Whether or not your business is directly linked to the supply chain of fossil fuels and other finite resources, the impact of sustainability - and a lack of it - is likely to affect the smooth running of your company at some point.
The concept of a circular economy has been championed as a solution to avoid the numerous economical, environmental and social problems that would arise out of running out of resources like oil, gas and the earth's vital minerals.
However, it is far more than just recycling. The idea has been around since the 1970s, but it was the creation of the Ellen MacArthur Foundation and the vocalisation of the concept by the record-breaking sailor that brought it to the attention of public figures and celebrities.
Largely, a circular economy relies on three key principles: preserving and enhancing finite stocks, optimising resource yields by circulating products, and making the system more effective by getting rid of anything that negatively impacts it.
Although this may sound like a strictly environmental problem that is unrelated to business, the idea of circular economy involves everything from mobile phones to washing machines and will impact every industry in some way.
Something like the automotive industry relies heavily on raw materials and certain precious metals, which is a key concern as estimates predict that resources will run out by 2030. There are also other challenges for motor companies. The high demand for raw materials has driven prices up dramatically, meaning that automotive businesses are spending billions each year just to secure the materials they need.
A circular economy would help motor companies look at secondary resources, and invest in recycling technologies. In addition, thousands of models are taken off the road each year by the EU, with vehicles having to meet safety and environmental regulations. However, most of these cars still have a number of components and raw materials that could be used, reducing the cost for the automotive sector.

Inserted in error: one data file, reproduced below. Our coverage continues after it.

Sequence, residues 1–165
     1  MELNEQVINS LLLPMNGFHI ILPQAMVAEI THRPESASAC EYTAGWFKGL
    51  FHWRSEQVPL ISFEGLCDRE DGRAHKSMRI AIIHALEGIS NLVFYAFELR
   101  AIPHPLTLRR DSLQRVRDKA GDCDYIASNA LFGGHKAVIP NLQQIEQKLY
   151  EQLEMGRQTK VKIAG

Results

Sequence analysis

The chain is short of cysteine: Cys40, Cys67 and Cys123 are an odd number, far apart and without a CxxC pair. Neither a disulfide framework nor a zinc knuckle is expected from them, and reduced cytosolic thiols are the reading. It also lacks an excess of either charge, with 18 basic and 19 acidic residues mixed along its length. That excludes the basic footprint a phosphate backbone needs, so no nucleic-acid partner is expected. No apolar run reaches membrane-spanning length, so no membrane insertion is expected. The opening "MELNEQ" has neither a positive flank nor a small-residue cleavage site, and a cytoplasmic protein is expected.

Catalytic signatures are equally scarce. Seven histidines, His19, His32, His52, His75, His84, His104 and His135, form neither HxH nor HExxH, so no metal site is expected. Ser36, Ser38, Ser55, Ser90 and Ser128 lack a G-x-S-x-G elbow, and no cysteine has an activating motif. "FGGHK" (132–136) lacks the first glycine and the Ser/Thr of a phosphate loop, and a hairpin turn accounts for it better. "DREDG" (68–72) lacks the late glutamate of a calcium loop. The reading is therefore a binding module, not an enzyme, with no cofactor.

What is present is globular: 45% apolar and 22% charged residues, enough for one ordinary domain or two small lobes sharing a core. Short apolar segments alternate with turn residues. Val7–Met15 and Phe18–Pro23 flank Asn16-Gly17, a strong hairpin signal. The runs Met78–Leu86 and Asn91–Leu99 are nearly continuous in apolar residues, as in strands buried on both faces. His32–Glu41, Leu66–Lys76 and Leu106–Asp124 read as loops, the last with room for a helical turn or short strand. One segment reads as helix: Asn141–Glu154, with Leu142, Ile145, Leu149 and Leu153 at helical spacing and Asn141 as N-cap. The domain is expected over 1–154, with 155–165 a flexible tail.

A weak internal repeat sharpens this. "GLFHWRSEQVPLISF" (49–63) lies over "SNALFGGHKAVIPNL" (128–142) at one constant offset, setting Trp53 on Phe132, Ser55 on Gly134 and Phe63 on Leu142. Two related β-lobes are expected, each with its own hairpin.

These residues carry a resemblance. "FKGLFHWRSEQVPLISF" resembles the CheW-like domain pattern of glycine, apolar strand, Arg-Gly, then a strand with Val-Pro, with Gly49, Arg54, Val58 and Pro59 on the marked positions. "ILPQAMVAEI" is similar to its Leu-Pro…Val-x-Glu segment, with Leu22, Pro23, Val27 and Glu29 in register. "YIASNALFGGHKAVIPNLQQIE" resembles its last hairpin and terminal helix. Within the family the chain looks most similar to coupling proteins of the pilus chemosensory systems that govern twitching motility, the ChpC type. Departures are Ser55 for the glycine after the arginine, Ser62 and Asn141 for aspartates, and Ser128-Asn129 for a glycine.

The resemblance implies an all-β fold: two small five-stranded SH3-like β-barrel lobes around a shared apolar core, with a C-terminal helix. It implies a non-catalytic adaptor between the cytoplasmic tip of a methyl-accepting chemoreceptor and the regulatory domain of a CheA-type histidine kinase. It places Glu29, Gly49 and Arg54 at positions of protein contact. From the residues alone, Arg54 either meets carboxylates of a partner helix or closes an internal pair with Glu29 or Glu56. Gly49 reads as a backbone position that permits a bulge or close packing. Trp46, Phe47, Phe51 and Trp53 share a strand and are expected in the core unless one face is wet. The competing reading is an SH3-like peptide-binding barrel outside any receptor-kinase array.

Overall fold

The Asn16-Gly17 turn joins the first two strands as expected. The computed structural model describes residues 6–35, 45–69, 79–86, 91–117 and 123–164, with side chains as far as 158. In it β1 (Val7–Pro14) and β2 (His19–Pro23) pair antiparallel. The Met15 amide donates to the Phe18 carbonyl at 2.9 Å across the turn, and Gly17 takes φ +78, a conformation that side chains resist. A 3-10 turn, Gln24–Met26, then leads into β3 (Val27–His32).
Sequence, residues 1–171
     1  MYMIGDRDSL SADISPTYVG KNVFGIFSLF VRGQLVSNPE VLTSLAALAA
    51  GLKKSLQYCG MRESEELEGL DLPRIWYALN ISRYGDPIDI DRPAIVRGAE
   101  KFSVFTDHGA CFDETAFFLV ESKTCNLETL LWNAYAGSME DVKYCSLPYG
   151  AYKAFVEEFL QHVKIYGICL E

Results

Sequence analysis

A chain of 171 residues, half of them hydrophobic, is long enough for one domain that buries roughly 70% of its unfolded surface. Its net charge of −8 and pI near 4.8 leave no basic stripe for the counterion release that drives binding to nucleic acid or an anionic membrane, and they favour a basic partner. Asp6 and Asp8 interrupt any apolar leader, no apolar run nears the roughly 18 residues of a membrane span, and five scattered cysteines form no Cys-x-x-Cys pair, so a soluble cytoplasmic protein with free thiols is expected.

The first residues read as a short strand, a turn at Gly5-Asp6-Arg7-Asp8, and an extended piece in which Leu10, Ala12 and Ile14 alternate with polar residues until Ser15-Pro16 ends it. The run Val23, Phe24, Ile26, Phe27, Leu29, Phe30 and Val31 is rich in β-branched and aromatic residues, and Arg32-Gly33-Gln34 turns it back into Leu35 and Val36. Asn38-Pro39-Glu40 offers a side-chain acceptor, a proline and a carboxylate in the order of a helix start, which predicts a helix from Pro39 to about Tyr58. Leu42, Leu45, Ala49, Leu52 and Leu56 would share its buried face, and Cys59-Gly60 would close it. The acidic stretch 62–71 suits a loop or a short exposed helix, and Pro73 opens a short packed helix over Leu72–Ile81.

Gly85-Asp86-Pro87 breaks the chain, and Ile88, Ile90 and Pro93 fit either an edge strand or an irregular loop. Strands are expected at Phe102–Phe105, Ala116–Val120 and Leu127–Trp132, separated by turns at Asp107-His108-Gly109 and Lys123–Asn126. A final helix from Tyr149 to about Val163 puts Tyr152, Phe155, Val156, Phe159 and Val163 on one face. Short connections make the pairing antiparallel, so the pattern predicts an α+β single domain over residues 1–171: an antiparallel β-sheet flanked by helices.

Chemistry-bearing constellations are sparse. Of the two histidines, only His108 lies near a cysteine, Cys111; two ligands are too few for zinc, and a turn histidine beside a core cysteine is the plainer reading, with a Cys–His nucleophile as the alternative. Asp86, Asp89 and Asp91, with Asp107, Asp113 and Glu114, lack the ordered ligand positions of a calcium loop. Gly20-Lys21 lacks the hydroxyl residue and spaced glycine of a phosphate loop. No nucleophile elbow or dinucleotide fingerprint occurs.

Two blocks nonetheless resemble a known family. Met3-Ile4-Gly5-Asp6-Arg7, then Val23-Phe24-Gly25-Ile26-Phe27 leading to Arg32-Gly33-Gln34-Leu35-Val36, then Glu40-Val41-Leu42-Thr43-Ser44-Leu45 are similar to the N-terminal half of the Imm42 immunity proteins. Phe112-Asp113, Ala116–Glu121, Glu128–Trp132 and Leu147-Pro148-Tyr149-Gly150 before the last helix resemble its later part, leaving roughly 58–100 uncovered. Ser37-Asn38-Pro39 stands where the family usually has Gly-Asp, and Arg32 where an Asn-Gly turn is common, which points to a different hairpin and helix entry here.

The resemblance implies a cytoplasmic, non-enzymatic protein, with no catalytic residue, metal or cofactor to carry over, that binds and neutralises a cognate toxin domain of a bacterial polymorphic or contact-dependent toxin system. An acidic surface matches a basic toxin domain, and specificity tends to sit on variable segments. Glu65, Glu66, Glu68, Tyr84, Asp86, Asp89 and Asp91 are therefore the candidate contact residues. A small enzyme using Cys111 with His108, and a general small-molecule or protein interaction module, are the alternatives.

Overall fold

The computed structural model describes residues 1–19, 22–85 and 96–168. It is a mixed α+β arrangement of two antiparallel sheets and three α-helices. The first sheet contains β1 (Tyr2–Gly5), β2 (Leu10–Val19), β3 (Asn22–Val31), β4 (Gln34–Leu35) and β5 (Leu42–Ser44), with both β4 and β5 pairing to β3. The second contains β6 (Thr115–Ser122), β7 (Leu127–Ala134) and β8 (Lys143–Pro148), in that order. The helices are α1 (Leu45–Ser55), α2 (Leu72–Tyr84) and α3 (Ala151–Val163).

The Ellen MacArthur Foundation estimates that remanufacturing cars would be between 30 and 50 per cent less expensive than building one from scratch, but these parts also have to undergo the quality control tests as new ones that are developed.
In the wider business model, this circular economy relies on a skilled workforce so creates more jobs, while it also reduces the amount of water, energy and chemical products that need to be used.
But can this same idea work on a much bigger scale?
There are calls to make entire cities sustainable through the key principles of a circular economy and many cities across the world are doing their best to use ingenuity to protect their finite resources. However, it's the Netherlands that is trying to put itself on the map as the circular hotspot of Europe.
Along with other stakeholders and investors, the Dutch government is working on a number of initiatives to put the country at the heart of this innovation. As part of the Netherlands Circular Hotspot campaign, a brand new Circular Expo will open close to Schiphol airport. This will showcase 30 examples of the circular economy in action.
The Netherlands, with its rich history of driving innovation in waste management and water solutions, will have to overcome a few challenges if it wants to see its theory become a reality.
Although the Netherlands benefits from its dense population when it comes to piloting new environmental methods, companies all over the country will have to get on board for it to be a success.
Climate change and the environment are historically difficult to get people to engage with, and something like the Dutch initiative would need complete co-operation. Even if this was possible from a consumer point of view, the Netherlands may struggle to get companies like the Dutch-based Shell on board.
Despite these difficulties, circular economies are one of the biggest talking points for those involved in environmental matters and they are expected to become a more prevalent topic over the next year.